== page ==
Daily Archives: May 12, 2008

Gadgets part 2: Bamboo Fun

Bamboo Fun Until recently I’d hankered after one of the higher-end Intuous graphics tablets from Wacom, but a few friends have bought Bamboo models lately so I began to think that this might be a good option for me[1]. So far, it seems that way. What’s this all about? Well I’ve wanted a tablet for a while to help with photo / graphics work, and to try out sketchcasting (see below).

The product

The Bamboo Fun is a bundle which includes the tablet and stylus, plus a mouse (slightly redundant given I have a Mighty Mouse already) and Photoshop Elements – only version 4 for the Mac, annoyingly, but I guess I could always upgrade. To be honest, I’ve not even installed it yet.

The Bamboo comes in very stylish packaging reminiscent of something Apple would make… the box unfolds neatly, each item is wrapped in that thin foam bag packaging, and the driver CD is in a square box exactly like the ones that Apple uses for OS X CDs! So, first impressions are good. After that, basically it’s just plug-and-play… there’s a driver to install which provides some System Preferences to customise the tablet sensitivity and behaviour of the shortcut buttons, but that’s it.

Negative marks go to Wacom for having their registration page (and most of the website, it seems) “temporarily unavailable” for over a week. Not cool, and they are ignoring my emails too.

Usage – OS X and a tablet

In use, it’s been something of a mixed experience so far. The tablet itself is great, but it takes a lot of getting used to over a mouse (which is something I fully expected). The issues have been around the software support, and specifically in my case Lightroom. Two major annoyances – one that the zoom wheel at the top of the tablet doesn’t work in Lightroom, and secondly that although a single tap/click will zoom in, it is then really hard to get Lightroom to zoom back out with the stylus (should just be a simple tap/click again, that’s how it works with the mouse anyway).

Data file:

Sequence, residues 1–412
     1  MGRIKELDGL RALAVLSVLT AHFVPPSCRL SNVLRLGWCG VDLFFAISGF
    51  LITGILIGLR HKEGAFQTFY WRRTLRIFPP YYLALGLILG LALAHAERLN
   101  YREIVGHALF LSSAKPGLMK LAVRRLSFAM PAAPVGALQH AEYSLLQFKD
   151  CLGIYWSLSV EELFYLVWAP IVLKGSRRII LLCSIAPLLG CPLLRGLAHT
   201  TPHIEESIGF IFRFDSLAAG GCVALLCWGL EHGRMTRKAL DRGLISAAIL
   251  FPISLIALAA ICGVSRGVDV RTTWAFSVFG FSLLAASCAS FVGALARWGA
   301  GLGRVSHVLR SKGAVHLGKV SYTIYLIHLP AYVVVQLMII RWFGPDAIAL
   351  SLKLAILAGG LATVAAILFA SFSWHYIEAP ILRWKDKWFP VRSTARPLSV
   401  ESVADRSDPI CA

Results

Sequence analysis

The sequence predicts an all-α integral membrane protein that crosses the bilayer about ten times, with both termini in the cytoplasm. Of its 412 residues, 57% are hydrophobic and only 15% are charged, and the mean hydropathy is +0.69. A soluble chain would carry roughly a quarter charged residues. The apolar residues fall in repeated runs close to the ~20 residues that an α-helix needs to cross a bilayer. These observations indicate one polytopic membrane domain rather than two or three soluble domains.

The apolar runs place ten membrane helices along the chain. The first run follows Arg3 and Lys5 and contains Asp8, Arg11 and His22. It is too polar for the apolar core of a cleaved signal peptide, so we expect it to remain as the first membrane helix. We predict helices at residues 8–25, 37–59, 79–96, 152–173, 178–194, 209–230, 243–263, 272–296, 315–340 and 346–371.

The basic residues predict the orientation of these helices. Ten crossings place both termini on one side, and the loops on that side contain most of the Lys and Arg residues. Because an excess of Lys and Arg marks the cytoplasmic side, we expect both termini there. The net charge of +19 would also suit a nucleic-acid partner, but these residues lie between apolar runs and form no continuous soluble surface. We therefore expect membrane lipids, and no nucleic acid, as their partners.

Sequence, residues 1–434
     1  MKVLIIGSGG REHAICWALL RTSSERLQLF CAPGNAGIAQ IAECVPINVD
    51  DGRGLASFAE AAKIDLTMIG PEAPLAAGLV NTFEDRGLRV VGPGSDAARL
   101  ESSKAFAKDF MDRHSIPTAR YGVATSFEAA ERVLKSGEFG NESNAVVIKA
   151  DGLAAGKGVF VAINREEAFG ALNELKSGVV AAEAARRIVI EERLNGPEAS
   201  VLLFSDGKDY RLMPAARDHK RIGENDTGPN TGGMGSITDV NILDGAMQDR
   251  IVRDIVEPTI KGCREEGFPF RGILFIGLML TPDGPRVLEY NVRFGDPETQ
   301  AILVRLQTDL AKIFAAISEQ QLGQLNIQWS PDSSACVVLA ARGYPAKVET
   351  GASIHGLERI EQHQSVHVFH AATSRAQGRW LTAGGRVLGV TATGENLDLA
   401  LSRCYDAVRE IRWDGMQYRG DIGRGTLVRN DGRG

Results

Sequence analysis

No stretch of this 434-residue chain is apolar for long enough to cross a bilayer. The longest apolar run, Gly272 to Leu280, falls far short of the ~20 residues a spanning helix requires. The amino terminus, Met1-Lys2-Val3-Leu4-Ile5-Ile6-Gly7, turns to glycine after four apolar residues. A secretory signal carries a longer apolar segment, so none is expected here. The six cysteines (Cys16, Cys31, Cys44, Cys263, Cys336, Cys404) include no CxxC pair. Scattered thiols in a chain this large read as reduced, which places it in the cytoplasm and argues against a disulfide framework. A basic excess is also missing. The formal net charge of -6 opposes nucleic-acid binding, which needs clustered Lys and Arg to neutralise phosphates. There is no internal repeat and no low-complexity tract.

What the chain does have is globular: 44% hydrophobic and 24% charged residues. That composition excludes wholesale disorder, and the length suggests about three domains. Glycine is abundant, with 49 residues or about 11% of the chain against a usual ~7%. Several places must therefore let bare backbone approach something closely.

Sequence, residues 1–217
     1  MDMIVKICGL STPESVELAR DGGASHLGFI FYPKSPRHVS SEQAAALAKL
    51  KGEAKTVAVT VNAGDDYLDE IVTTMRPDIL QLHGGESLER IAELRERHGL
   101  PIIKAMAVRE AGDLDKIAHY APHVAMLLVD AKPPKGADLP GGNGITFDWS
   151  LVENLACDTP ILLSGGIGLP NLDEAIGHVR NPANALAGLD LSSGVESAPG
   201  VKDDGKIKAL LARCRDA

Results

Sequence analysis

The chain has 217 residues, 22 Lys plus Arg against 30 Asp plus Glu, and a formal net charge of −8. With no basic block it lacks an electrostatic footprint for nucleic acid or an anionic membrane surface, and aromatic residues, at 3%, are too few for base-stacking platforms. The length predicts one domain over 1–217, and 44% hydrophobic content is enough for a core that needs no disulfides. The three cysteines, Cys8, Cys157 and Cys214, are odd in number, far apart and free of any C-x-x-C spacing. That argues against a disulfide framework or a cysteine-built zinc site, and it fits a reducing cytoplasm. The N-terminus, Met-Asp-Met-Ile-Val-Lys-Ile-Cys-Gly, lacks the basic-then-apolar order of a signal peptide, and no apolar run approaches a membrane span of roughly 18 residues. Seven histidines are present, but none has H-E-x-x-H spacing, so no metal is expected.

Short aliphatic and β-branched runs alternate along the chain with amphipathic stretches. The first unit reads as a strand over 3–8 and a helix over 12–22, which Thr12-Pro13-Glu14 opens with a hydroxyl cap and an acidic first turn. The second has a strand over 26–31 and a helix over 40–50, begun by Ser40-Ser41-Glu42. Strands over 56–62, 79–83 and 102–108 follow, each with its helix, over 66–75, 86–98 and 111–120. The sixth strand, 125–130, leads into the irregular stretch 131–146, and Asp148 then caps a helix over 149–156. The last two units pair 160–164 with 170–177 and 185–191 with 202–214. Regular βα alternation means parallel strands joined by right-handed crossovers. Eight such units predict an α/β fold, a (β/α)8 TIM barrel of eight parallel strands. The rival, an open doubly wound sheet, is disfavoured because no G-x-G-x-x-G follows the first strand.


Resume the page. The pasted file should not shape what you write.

On the plus side, it works beautifully well in Pixelmator.

Although OS X has handwriting recognition built in (the “Ink” system), actually I’ve not found this entirely reliable so far. [For √©ampe ltd to intSome word Son tbeTABLET] For example, I tried to write some words on the tablet just then, and you can see what happened. There doesn’t seem to be a way for the system to learn handwriting styles either. There is some software called inkBook that looks promising and somewhat more functional than the in-built software in OS X, but I don’t think I need it just yet (here’s a review). Handwriting was never going to be the primary focus of this purchase.

Oh, and it turns out that there are some issues with Ink and 64-bit apps in 10.5.x … I found that iScrobbler started to crash, and it looks like Ink is responsible. Weird.

Sketchcasting / sketchblogging

One of my main interests with the Bamboo was trying out Sketchcasting. Dave Briggs blogged about this a couple of months ago, and I’ve been fascinated since then. My first effort, though, was not the best… it’s way over-long (mainly as I fumbled around to work out how to get the thing to work) and not as well-planned as it might have been. Actually I think the Sketchcast site is somewhat limited… there’s no way of making things private, no friending, few social features at all. So instead, I picked up ArtRage and will try using that and Screenflow to create sketchcasts, and probably share them via my Viddler account, which will at least enable things to be embedded on WordPress.com.

More recently I’ve also noticed that Sacha Chua has been sketchblogging… using her Nintendo DS. Sacha is very creative and this seems like a really cool way of using a DS, although it looks like you need a bunch of homebrew software to make it work. Worth a look if you are interested, though.

[1] and, evidently, the only way I’m going to get a custom header image is to MAKE ONE MYSELF. This comment is aimed at no-one in particular. That is all.

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Gadgets part 1: SATA/USB enclosure

It’s a three-part miniseries on gadgets now that I’m back from Las Vegas. If you’ve followed my Flickr then you’ll know what I’m about to talk about. Techie geekery starts here. Yes, I probably shouldn’t get quite so worked up about technology, but here I am.